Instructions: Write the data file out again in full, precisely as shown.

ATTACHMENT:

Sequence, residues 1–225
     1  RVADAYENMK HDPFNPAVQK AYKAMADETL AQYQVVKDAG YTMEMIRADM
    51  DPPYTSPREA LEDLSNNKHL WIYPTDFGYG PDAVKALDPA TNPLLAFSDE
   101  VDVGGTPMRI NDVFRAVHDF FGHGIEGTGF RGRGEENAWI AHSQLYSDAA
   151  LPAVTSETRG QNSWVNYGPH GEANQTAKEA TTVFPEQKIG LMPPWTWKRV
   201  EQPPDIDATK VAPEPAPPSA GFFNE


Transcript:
Sequence, residues 1–225
     1  RVADAYENMK HDPFNPAVQK AYKAMADETL AQYQVVKDAG YTMEMIRADM
    51  DPPYTSPREA LEDLSNNKHL WIYPTDFGYG PDAVKALDPA TNPLLAFSDE
   101  VDVGGTPMRI NDVFRAVHDF FGHGIEGTGF RGRGEENAWI AHSQLYSDAA
   151  LPAVTSETRG QNSWVNYGPH GEANQTAKEA TTVFPEQKIG LMPPWTWKRV
   201  EQPPDIDATK VAPEPAPPSA GFFNE